We take awareness for granted, but just because something is right in front of us, that doesn't mean that it is completely obvious to the brain. In fact, there are various neural processes that are involved in recognizing objects such as human faces or musical instruments. In a new study, researchers at Johns Hopkins University delved deeper into what underlies awareness in the brain after they studied the odd case of a patient with a rare brain disorder that prevents him from recognizing digits.
The patient, known as "RFS" in the study, has a degenerative brain disease that causes extensive atrophy in the cortex and basal ganglia. The damage to the brain cells led to some bizarre manifestations. Besides memory loss and muscle spasms, the patient cannot see the digits 2 through 9.
It's not like the patient sees a blank. Instead, anything that looks those digits appears like random scribbles resembling "spaghetti".
The patients' vision is otherwise normal. He can recognize letters and others symbols -- it's just digits that are causing problems.
"When he looks at a digit, his brain has to 'see' that it is a digit before he can not see it -- it's a real paradox," said Michael McCloskey, senior author of the new study and a cognitive scientist at Johns Hopkins. "In this paper what we did was to try to investigate what processing went on outside his awareness."
McCloskey and colleagues devised a series of experiments that probed RFS' awareness to see where and when it started to fumble. Although the patient can recognize human faces, when a picture of a face was embedded inside a number, both objects couldn't be identified.
During this trial, the patient's brain activity was scanned using electroencephalography (EEG). The procedure showed that although the face couldn't be recognized, its presence was indeed detected by the brain. In fact, the brain waves were identical to the ones you'd expect in response to seeing a face clearly.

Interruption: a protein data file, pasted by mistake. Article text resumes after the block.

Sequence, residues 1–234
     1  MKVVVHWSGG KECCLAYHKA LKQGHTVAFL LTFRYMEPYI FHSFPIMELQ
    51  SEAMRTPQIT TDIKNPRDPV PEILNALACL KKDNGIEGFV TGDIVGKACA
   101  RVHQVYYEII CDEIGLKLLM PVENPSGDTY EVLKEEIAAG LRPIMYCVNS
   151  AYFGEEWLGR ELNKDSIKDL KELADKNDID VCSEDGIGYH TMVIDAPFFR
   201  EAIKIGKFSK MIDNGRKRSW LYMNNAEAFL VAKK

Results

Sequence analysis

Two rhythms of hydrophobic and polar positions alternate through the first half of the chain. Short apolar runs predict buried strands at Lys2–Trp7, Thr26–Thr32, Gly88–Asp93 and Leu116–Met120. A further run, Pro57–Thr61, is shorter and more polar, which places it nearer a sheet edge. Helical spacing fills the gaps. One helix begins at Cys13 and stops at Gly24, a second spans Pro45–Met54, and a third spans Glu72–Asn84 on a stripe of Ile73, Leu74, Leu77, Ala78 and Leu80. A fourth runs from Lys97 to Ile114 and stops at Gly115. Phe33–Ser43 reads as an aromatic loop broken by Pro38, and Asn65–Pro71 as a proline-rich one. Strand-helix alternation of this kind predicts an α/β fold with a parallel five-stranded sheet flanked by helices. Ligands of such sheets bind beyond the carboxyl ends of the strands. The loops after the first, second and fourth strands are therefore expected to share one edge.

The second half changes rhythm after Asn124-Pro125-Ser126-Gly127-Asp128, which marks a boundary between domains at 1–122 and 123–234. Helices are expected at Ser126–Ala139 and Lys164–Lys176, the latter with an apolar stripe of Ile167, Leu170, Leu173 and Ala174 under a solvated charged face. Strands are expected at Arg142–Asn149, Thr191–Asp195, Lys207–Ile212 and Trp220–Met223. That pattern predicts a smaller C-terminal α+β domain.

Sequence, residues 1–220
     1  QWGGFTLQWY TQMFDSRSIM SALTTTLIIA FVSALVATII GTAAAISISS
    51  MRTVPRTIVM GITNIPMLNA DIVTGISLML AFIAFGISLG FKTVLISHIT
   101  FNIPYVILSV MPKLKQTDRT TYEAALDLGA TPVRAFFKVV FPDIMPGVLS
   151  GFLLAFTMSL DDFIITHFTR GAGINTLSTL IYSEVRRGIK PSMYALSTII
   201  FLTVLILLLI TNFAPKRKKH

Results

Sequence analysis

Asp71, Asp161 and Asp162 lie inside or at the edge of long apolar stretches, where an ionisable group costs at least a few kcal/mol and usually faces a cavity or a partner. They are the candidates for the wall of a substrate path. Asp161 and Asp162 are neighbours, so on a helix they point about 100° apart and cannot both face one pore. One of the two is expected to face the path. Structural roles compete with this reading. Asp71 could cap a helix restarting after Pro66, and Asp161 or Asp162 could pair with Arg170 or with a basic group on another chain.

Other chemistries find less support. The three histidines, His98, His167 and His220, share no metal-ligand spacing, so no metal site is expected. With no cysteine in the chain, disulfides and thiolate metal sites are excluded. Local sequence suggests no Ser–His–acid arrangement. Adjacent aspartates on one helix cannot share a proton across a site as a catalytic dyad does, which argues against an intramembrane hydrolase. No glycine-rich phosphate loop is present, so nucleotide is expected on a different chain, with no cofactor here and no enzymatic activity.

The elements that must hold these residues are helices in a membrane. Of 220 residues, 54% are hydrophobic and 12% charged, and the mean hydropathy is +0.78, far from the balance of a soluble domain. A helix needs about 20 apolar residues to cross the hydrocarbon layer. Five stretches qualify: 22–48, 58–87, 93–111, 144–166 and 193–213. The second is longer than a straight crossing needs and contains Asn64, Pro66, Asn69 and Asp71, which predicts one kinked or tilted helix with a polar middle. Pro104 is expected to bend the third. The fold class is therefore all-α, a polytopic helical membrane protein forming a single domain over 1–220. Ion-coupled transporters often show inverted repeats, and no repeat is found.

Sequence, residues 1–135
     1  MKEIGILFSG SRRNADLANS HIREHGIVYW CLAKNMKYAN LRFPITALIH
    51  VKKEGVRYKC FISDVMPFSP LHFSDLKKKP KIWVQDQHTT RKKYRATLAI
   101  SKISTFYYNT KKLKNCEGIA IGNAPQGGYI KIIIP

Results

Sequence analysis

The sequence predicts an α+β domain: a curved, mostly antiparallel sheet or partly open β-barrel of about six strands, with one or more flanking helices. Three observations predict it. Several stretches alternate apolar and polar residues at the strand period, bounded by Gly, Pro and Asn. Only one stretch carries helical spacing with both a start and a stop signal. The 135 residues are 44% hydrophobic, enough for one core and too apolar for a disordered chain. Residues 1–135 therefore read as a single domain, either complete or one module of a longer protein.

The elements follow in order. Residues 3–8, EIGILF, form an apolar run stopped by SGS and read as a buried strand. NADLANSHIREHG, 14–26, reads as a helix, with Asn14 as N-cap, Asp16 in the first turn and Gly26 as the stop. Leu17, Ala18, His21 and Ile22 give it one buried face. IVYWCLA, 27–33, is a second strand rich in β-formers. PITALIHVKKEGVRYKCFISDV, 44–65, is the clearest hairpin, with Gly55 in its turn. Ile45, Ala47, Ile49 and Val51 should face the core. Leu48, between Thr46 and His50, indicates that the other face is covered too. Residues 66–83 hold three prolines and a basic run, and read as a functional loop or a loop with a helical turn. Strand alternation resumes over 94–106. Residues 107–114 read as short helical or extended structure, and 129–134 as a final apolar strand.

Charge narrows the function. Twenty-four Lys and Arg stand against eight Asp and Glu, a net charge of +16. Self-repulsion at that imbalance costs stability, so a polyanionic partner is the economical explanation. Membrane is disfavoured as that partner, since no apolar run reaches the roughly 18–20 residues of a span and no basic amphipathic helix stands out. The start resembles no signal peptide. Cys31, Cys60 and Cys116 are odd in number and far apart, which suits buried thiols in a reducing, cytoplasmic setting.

"These results show that RFS's brain is performing complex processing in the absence of awareness," said David Rothlein, a former Johns Hopkins graduate student who is now at the VA Boston Healthcare System. "His brain detected the faces in the digits without his having any awareness of them."
In a second trial, the researchers embedded words inside numbers. Similar to the previous experiment, the patient's brain registered the words, but something was still missing that kept the patient from actually being able to read the words. In another experiment, RFS couldn't see a picture of a violin drawn onto a large digit. However, if the picture was far enough away from the number, the patient could see it clearly.
"He was completely unaware that a word was there, yet his brain was not only detecting the presence of a word, but identifying which particular word it was, such as 'tuba'," said co-first author Teresa Schubert, a former Johns Hopkins graduate student who is now at Harvard University.
These striking experiments show that visual awareness may require additional neural processing. Although complex processes are involved in detecting and identifying faces, words, and other symbols, these aren't sufficient to create awareness.
The findings appeared in the Proceedings of National Academy of Sciences.